22 January 2014

AYO2014/07 (Orch 3)

This was AYO's second weekend of orchestral concerts. What a revelation! I'd attended the first weekend and admired the skills but there were some faults, entirely understandable given these musicians had been pulled together for a short time and were not a regularly performing outfit, and were young and perhaps with some nerves. But what a difference a week makes, at least at this level of intensity. I could close my eyes and follow this music with immense pleasure, and this was my experience throughout the final two concerts. These orchestras had matured markedly in one week, thanks the intensive experience, the committed and obviously popular tutors and the rest. My hats off to the AYO.

The early concert started with the Hopkins Chamber Orchestra under Geoffrey Lancaster performing Mozart Symphony no.31 in D, Paris. Three movements, admirably presented, starting with big chords and devilish flourishes, then classic delicacy and tunefulness, then an unassuming waltz for the second movement, and a final movement of buzzing strings, four time, lighter, with more flourishes and canonic movements. Lovely. Second was a world-premiere, Philip Jameson's Dunsinane. PJ is only 20 and could not attend as he's studying at Yale. Performed by the Bishop Orchestra under Alexandre Bloch. AB introduced this work by saying that Dunsinane is Gaellic for "hill of ants" then talking of his images of tones, woodwinds as crickets, strings as snakes that move slowly and bite. He suggested we use imagination to picture music, especially modern music. The work started with a woodwind rhythm overlaid with a slow strings melody. It seemed to split into two parts, firstly weighty then lighter or more jumpy. AB's "hill of ants" metaphor fits perfectly with Great Birnam wood coming to high Dunsinane Hill. Then to end, Alexander Orchestra under Richard Gill performed Brahms Symphony no.2 in D. This follows last week's performance of Brahms' 4th. RG spoke later to ABCFM saying why this pair was chosen. Every performer should play a Brahms symphony; he was a great musicologist; he was seen in light of Beethoven; he's in the centre of the classical music history and the music camp is performing major works throughout this history. RG's quote that "Until Australia has every child in musical education from Kindergarten to Year 6 we will remain barbarians" was well received. Another interesting quote was when asked why there's no instrumental popular music: "you can learn everything through singing". I wonder if there may be more to consider for each of these quotes, but it's interesting to hear them. But back to Brahms. Interesting to see the basses at the back, with the percussion. There's pastoral here but also mechanical, lullaby and some strangely prominent leading notes that aught my ear in the first movement. Then a more melancholy second movement. I'm enjoying some very responsive and powerful passing swells through the strings and accompanying swaying performers: nice, involved. Then the final movement, livelier, morning-like, looking optimistically forward to a new day. I still feel a little uncomfortable with some Brahms' changes but who am I to question? Then a big ending. This is sounding wonderful, professional, worthy. Most impressed.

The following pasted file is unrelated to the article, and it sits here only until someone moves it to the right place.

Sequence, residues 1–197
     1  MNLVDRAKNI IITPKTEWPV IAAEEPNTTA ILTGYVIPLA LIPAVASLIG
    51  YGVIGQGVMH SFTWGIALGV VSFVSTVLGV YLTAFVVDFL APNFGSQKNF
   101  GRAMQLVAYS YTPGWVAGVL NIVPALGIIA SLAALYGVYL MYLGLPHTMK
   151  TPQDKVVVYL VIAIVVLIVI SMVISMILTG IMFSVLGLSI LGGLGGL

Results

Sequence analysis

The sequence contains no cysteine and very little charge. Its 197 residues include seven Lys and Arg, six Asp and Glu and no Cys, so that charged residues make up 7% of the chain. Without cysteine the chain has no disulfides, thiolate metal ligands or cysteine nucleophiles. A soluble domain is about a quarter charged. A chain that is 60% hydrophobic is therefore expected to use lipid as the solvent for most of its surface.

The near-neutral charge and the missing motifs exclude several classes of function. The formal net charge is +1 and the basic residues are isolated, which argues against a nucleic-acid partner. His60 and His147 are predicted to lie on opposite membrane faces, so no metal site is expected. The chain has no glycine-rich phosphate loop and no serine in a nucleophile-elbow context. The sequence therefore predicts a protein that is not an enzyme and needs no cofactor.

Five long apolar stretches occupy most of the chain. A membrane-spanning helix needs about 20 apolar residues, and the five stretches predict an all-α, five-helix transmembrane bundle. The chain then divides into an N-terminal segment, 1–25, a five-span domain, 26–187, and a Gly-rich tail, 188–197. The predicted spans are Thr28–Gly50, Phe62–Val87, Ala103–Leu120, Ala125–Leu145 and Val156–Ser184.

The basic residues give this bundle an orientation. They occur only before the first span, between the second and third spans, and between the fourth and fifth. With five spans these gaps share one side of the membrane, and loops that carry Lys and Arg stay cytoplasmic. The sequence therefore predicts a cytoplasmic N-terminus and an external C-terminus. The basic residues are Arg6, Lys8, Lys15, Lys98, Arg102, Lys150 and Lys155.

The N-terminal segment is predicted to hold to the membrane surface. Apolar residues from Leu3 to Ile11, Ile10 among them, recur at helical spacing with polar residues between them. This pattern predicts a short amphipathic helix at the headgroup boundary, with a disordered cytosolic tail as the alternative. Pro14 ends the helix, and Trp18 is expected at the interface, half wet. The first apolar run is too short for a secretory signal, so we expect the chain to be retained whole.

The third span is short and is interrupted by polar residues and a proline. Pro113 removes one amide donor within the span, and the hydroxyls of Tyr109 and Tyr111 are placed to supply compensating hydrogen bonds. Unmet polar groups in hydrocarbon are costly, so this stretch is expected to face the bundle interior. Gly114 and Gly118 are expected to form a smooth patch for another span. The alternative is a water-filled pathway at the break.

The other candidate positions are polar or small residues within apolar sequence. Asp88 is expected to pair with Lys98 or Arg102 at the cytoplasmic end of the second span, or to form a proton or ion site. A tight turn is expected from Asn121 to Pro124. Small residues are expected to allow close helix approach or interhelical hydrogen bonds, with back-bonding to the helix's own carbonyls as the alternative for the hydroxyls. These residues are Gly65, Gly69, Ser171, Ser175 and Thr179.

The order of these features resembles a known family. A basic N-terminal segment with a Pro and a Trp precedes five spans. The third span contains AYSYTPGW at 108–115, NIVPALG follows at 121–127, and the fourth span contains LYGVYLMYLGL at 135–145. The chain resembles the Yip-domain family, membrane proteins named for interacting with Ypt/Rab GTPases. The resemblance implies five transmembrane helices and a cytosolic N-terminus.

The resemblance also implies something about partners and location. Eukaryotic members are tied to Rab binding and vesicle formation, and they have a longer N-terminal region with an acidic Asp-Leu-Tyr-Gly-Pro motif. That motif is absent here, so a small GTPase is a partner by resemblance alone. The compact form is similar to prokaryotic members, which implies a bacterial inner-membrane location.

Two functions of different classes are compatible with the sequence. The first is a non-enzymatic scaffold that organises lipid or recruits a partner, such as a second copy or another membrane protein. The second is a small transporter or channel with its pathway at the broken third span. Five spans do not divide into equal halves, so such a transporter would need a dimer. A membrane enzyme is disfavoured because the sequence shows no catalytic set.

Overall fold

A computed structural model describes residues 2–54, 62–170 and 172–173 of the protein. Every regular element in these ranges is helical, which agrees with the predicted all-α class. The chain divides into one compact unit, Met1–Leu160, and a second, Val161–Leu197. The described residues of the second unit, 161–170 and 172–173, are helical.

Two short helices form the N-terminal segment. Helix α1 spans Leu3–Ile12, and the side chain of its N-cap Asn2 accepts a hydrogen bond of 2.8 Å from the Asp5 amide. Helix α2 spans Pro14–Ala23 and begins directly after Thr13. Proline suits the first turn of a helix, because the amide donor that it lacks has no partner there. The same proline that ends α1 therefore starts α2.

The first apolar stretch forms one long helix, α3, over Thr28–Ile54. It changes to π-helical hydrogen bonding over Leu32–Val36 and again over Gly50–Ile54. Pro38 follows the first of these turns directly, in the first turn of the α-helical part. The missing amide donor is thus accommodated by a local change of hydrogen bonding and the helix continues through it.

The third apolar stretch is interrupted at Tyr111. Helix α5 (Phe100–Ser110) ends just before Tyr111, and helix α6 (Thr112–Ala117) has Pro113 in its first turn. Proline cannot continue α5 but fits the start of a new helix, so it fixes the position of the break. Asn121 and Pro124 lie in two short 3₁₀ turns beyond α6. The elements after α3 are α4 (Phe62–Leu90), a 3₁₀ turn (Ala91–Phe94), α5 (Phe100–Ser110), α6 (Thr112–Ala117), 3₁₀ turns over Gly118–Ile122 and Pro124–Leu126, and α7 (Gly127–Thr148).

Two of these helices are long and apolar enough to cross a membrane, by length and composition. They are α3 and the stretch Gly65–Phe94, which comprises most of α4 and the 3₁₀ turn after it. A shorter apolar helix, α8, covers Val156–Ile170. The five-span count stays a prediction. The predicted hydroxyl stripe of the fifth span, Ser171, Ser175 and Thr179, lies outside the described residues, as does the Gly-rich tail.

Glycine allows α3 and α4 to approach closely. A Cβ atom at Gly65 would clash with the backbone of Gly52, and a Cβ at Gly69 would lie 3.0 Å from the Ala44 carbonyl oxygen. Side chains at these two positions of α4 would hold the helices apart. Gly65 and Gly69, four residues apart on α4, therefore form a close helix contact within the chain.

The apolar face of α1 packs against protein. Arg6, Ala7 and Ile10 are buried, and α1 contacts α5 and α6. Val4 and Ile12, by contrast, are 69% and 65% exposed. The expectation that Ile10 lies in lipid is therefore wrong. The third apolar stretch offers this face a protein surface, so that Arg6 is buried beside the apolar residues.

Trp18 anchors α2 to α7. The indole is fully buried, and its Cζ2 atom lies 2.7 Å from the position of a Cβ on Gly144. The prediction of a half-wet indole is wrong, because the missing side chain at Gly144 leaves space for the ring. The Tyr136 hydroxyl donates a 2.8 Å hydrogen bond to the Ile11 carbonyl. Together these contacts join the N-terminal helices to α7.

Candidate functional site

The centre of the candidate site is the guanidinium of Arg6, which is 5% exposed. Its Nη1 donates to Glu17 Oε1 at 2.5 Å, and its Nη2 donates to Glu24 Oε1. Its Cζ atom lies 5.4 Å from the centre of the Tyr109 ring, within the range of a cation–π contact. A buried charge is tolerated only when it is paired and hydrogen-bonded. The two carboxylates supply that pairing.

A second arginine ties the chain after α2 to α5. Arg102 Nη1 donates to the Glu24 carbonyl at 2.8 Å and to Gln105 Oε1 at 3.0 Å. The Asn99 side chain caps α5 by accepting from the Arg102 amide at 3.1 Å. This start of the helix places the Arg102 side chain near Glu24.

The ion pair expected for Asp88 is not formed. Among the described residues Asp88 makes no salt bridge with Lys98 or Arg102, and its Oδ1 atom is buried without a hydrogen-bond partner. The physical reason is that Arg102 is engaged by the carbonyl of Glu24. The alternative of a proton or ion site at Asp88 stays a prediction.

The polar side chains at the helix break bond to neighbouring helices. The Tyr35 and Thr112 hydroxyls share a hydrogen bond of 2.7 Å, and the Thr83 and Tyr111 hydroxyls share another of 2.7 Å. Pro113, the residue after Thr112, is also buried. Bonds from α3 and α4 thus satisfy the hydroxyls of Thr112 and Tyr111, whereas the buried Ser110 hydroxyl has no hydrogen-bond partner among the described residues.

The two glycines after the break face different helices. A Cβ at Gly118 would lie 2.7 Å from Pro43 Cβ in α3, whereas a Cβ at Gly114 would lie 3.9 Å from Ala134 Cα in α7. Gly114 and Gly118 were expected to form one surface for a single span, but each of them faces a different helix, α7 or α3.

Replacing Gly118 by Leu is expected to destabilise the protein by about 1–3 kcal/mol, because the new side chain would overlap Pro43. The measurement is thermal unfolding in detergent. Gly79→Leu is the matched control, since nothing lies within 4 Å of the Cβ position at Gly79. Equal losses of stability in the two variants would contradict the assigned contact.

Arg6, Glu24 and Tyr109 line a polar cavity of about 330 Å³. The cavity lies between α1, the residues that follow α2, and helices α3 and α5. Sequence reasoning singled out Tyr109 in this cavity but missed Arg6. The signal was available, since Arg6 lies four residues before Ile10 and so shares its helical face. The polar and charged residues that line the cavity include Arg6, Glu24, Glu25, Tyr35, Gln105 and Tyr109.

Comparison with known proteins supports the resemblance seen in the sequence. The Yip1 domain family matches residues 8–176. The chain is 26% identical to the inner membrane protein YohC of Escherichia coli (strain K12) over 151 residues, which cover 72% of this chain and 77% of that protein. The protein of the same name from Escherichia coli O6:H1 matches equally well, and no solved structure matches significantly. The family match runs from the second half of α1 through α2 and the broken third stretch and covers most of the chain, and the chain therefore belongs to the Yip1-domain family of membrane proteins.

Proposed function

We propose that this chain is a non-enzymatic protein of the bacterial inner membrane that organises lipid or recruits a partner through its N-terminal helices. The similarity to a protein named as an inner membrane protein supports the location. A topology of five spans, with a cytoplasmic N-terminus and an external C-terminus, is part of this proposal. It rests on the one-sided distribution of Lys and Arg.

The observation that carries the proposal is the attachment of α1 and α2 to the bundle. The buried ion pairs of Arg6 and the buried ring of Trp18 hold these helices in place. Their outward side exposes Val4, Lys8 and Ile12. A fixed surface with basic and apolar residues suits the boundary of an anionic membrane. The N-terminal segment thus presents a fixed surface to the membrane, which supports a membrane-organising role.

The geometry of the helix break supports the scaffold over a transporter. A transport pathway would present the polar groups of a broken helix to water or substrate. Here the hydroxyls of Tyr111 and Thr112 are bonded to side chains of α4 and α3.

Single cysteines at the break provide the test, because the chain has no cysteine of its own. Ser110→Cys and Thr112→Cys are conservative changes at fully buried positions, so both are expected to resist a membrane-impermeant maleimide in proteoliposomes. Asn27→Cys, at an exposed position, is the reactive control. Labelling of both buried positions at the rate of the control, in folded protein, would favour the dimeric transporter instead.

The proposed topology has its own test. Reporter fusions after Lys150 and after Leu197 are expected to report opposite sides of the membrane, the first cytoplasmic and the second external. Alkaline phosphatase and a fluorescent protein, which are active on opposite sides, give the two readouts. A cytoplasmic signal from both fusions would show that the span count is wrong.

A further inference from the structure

The Hopkins Chamber Orchestra under Geoffrey Lancaster performed Mozart Symphony no.31 in D, Paris. The Bishop Orchestra under Alexandre Bloch performed the world premiere of Philip Jameson's Dunsinane. The Alexander Orchestra under Richard Gill performed Brahms Symphony no.2 in D.

No comments: